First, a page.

Temperate phages truly know how to have it all. One minute they’re taking refuge in their host bacteria when the going gets tough, or piggy-backing off of a successful host. The next they are undergoing lytic replication, rapidly multiplying, and infecting new susceptible hosts. Even more surprising is that most bacteria tolerate this and carry at least one prophage in their genome. Prophage integration is hardly stable and temperate phages regularly switch from a quiescent prophage state to lytic replication. This switch is usually caused by triggering a stress response in the bacterial host.
In our recent research paper, we showed that growth inhibition of prophage-harboring gut bacteria by common oral medications leads to prophage induction and active viral replication.
Early studies of the human gut microbiome showed that temperate phages dominate the ecosystem, while more recent work suggests that the abundance of temperate phages can vary greatly between individuals. Both diet and disease have been shown to shape the phages found in the gut, while also being capable of inducing prophages. We wanted to know if medications, which have been shown to shape the bacterial and viral communities in the gut, might also be inducing prophages.
Using isolates to simulate the gut
To simulate a gut community as much as possible, we collected eight lysogenic gut bacteria representing the four major phyla of the human gut. We selected bacteria that had been proven to grow well in the laboratory anaerobically at 37°C.
Selecting the medications
Twelve medications, spanning five classes (non-steroidal anti-inflammatory, chemotherapy, mild analgesic, cardiac, and antibiotic) were selected for this study. The antibiotics had previously been reported to induce prophages. Medications were tested over a range of concentrations as prophage inducing concentrations are known to vary, and the exact concentration of these medications found in the gut are unknown.
Screening for bacterial inhibition & viral production
Screening each treatment for prophage induction was not feasible, so we decided to first perform a pre-screening step where we looked for inhibition of bacterial growth. Measuring bacterial growth inhibition is a lot more convenient than measuring virus production, and it’s also a good proxy for prophage induction since the mechanisms that trigger prophage induction (i.e. DNA damage) and viral replication often kill the host cell in the process. From these treatments, we quantified viral production by epifluorescence microscopy counting of virus-like-particles (VLP).
As we had hypothesized, bacterial inhibition by medication was almost always followed by an increase in VLPs, and about half the time the increase was significant, indicating prophage induction. Surprisingly, it was not only antibiotics which induced prophages, but most of our host-targeted drugs were also capable of inducing at least one prophage. Only two drugs did not induce a prophage under the conditions tested.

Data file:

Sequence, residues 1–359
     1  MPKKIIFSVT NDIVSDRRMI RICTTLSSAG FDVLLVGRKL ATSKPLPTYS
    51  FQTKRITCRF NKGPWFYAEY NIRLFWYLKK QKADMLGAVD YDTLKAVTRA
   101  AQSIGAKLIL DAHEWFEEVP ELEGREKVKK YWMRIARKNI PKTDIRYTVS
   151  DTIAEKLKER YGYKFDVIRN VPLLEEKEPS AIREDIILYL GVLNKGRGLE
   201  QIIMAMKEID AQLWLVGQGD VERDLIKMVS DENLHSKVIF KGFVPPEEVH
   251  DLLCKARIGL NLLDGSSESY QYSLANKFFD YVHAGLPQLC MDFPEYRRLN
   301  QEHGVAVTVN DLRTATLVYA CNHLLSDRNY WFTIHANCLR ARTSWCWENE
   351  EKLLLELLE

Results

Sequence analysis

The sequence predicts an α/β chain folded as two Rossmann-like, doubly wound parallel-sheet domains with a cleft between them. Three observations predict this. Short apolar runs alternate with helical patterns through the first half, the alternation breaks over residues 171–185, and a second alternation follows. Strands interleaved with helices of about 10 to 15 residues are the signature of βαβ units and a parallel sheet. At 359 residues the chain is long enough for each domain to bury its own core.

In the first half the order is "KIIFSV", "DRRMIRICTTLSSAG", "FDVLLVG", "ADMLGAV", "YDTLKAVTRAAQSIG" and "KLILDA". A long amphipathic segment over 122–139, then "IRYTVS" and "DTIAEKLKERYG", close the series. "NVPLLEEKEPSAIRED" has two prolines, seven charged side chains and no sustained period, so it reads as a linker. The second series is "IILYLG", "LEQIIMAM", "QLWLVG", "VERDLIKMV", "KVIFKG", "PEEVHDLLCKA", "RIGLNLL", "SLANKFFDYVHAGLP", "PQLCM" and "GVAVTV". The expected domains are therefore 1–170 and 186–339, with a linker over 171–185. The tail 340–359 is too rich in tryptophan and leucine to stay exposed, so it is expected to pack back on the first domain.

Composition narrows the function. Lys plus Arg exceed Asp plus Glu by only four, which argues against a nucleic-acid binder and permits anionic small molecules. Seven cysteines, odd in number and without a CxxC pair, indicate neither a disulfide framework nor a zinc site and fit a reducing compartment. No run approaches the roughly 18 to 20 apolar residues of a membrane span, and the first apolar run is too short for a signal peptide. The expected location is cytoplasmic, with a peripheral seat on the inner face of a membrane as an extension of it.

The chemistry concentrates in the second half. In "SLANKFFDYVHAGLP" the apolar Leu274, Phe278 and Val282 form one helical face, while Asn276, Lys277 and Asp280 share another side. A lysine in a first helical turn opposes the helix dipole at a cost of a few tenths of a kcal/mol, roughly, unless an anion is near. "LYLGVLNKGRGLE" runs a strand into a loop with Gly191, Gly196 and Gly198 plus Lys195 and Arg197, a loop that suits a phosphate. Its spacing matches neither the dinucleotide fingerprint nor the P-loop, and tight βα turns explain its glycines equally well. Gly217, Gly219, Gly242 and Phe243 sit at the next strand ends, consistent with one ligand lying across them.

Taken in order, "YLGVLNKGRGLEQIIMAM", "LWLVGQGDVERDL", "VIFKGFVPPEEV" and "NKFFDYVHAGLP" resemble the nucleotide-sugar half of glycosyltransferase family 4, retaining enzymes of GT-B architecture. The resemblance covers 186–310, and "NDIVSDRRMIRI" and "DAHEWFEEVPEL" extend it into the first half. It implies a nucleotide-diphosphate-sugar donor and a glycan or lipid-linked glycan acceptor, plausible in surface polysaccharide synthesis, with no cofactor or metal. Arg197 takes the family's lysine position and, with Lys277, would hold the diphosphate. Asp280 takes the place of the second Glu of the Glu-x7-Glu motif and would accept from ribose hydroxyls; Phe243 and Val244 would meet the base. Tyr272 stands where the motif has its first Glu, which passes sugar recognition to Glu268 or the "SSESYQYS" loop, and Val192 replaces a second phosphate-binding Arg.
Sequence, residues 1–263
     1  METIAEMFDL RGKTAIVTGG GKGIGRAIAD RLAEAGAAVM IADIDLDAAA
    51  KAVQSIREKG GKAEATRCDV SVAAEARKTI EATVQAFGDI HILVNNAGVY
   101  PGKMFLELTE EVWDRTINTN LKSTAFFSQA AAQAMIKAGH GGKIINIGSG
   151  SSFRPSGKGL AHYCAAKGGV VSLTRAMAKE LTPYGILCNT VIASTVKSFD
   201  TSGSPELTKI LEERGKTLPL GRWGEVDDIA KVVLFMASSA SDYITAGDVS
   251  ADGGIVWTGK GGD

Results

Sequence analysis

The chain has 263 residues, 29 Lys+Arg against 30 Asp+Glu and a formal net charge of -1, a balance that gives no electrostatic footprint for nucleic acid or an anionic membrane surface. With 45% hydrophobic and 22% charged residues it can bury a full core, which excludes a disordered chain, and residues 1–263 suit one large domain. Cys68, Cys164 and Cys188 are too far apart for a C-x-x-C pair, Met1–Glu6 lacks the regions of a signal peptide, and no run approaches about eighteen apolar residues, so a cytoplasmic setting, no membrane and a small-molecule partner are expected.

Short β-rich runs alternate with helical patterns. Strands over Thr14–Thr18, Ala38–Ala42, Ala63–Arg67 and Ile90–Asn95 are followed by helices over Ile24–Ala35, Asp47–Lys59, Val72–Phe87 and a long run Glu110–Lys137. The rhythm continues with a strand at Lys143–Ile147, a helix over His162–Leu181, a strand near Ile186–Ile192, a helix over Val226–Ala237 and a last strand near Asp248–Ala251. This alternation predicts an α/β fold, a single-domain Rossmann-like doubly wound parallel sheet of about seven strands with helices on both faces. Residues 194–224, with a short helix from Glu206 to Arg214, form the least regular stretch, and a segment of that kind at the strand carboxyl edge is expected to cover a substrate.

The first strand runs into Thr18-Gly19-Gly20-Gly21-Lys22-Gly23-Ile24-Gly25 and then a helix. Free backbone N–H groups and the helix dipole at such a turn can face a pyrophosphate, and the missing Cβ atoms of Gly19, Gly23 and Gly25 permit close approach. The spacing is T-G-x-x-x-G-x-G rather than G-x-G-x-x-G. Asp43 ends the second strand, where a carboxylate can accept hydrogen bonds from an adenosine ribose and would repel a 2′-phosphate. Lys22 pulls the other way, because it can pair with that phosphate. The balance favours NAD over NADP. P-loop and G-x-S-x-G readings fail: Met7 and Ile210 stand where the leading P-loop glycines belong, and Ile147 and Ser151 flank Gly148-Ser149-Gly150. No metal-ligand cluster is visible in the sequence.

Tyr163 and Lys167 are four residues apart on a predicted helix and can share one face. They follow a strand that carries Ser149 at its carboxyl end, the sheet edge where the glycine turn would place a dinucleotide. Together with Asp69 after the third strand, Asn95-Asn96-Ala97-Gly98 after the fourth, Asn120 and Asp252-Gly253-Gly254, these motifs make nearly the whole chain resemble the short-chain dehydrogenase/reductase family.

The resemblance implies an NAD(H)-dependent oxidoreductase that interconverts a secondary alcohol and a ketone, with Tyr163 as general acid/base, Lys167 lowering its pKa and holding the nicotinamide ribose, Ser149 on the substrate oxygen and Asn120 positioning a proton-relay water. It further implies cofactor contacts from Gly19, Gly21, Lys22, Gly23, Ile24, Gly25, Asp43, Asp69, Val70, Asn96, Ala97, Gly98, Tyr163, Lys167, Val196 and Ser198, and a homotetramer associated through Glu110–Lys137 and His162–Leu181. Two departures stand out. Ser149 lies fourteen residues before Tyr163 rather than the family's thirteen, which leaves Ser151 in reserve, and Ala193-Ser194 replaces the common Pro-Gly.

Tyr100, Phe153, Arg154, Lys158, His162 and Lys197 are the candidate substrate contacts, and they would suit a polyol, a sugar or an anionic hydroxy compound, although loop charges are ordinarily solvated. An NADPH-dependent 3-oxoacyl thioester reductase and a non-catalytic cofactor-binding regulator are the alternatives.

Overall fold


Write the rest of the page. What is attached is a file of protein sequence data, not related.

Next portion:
Confirming prophage induction by sequencing VLPs
Most of our isolates harboured more than one prophage. We wanted to see which prophage(s) were being induced by our library of medications, and if we would be able to predict whether a prophage could be induced by its genome content alone. Clostridium beijerinckii was the perfect candidate, as it had 11 predicted prophage regions, and produced the most VLPs. By sequencing the VLPs of C. beijerinckii, we show that the the in silico predicted prophages were being induced.
When it comes to prophage induction, no one drug fits all
We were excited to confirm that medications, including non-antibiotics, could induce prophages in a species-specific manner. No one drug induced prophages in all isolates, and the inducing concentration varied between species. This effect was even more pronounced among the non-antibiotic drugs where just two bacteria (C. beijerinckii and Bacteroides caccae) represented most of the prophage induction.
We think these results are the first step in understanding how the relationship between bacteria and viruses in the gut may be shaped by medication consumption. It will be interesting to see how these results play out at community level in vivo, why there is such a species-specific response, as well as how these non-antibiotic drugs are actually triggering prophage induction.
Sutcliffe, S.G.; Shamash, M.; Hynes, A.P.; Maurice, C.F. Common Oral Medications Lead to Prophage Induction in Bacterial Isolates from the Human Gut. Viruses 2021, 13, 455. https://doi.org/10.3390/v13030455
Thanks to Atif Khan for help finding and summarizing this week’s phage jobs and community posts!